Colleges “will not be insulated” from funding cuts in the chancellor’s spending review next week, skills minister Nick Boles has said.
Addressing the Association of Colleges’ annual conference in Birmingham this morning, Mr Boles called on colleges to “change your approach”, and be “more flexible, more entrepreneurial and quicker off the mark”. He also set colleges a target of increasing the proportion of apprenticeships that they deliver to two-thirds of the total number by 2019-20.
For 2015-16, just 37 per cent of apprenticeship funding will go to colleges, compared with 60 per cent to independent training providers, Mr Boles told delegates.
“I salute the outstanding work of some of the private training providers who have raised standards and enabled companies of all shapes and sizes to take advantage of apprenticeships,” he said.
“But, as your friend, I have to ask you this: why on earth are you letting these guys nick your lunch? Now today I want to ask you to raise your sights…Now I’m not going to intervene to somehow stop private training providers from winning that business, but I want to help you give them a very good run for their money and secure a much larger share of that revenue stream than you currently do. And I’m absolutely confident that you can do it.”
Mr Boles also told the conference that he could not offer “any advance insight into what is going to happen in the spending review”, but said: “Those of you engaged in further education will not be insulated from further spending cuts."
He added: “I believe that you are better off, stronger together rather than fragmented and vulnerable.”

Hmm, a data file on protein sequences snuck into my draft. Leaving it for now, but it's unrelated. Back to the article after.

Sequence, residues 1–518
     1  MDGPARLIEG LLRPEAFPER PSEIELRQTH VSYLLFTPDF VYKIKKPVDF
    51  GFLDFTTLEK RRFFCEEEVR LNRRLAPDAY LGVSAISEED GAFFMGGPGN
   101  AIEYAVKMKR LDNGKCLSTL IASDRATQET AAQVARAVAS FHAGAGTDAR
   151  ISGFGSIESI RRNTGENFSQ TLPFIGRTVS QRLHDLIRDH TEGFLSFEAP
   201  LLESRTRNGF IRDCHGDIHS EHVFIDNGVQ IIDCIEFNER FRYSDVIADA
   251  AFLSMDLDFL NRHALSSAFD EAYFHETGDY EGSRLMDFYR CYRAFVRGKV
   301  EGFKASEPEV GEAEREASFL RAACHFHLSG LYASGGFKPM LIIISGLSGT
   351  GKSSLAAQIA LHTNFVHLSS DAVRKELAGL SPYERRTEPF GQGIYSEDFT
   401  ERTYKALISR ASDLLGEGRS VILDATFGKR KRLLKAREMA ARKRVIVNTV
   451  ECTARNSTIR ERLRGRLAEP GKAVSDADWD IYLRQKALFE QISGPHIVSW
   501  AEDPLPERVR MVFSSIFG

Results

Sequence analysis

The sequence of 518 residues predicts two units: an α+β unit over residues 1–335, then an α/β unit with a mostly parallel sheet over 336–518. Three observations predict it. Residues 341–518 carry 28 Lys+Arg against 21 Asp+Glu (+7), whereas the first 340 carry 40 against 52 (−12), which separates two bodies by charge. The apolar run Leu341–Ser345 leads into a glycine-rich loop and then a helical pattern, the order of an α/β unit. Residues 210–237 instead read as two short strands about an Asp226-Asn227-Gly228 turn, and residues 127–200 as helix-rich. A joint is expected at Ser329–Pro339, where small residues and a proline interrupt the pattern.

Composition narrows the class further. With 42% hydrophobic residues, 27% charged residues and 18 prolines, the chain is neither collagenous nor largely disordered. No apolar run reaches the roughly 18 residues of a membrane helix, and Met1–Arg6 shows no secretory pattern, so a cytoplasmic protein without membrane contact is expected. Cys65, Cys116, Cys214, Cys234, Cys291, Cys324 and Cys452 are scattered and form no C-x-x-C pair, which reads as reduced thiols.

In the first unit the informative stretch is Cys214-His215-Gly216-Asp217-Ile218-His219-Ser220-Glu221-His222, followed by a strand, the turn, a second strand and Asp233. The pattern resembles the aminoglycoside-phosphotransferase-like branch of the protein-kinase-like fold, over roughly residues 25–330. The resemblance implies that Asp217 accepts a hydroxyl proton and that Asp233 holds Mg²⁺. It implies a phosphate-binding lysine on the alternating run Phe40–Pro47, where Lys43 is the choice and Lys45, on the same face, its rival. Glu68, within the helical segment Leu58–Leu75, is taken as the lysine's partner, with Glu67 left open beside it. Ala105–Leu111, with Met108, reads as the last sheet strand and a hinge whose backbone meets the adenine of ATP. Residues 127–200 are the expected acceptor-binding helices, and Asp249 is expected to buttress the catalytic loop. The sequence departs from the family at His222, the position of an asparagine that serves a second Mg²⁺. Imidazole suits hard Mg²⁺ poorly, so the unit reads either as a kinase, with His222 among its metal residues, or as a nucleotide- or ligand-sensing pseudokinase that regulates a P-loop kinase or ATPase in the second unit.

Referring to the area reviews, he said there was “a limit” to the help available from government to help out colleges with “long-running deficits”.
Mr Boles continued: “If I am to persuade the chancellor to give us the money to support colleges through difficult years, I need to be able to show it that colleges are taking the initiative, are taking some difficult decisions that do involve some difficult change and restructuring, but are reorganising themselves to be stronger for the future.”
But although he said there was an opportunity for colleges to “prosper as institutions”, Mr Boles added: “You do need, most of you, to change your approach. You need to be more flexible, more entrepreneurial, and quicker off the mark. You will need to ask employers what they want and work out how you can provide it, not just offer them what it is convenient for you to deliver.”
He continued: “Apprenticeships are the future. And I want the FE sector to lead the way.”
To applause from delegates, AoC chief executive Martin Doel told the conference in response that the sector had “played a bigger part in reducing the deficit than any other part of education. The sense that we're not protected is how we’ve felt for five years.”
The college sector also “gets the fact the apprenticeships are going to be extraordinarily important,” Mr Doel added.